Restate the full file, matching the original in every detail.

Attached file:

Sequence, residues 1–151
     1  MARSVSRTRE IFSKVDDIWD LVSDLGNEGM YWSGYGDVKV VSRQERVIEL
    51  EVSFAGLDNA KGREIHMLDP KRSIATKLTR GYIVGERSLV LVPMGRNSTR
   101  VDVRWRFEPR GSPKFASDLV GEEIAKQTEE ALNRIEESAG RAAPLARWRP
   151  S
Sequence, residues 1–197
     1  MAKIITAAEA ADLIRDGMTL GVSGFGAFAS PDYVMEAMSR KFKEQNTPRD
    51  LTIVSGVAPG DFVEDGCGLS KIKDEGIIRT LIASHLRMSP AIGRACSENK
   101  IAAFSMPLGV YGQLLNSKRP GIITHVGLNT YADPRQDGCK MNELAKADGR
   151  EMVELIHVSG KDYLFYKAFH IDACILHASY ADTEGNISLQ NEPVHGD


Sequence, residues 1–151
     1  MARSVSRTRE IFSKVDDIWD LVSDLGNEGM YWSGYGDVKV VSRQERVIEL
    51  EVSFAGLDNA KGREIHMLDP KRSIATKLTR GYIVGERSLV LVPMGRNSTR
   101  VDVRWRFEPR GSPKFASDLV GEEIAKQTEE ALNRIEESAG RAAPLARWRP
   151  S
Sequence, residues 1–197
     1  MAKIITAAEA ADLIRDGMTL GVSGFGAFAS PDYVMEAMSR KFKEQNTPRD
    51  LTIVSGVAPG DFVEDGCGLS KIKDEGIIRT LIASHLRMSP AIGRACSENK
   101  IAAFSMPLGV YGQLLNSKRP GIITHVGLNT YADPRQDGCK MNELAKADGR
   151  EMVELIHVSG KDYLFYKAFH IDACILHASY ADTEGNISLQ NEPVHGD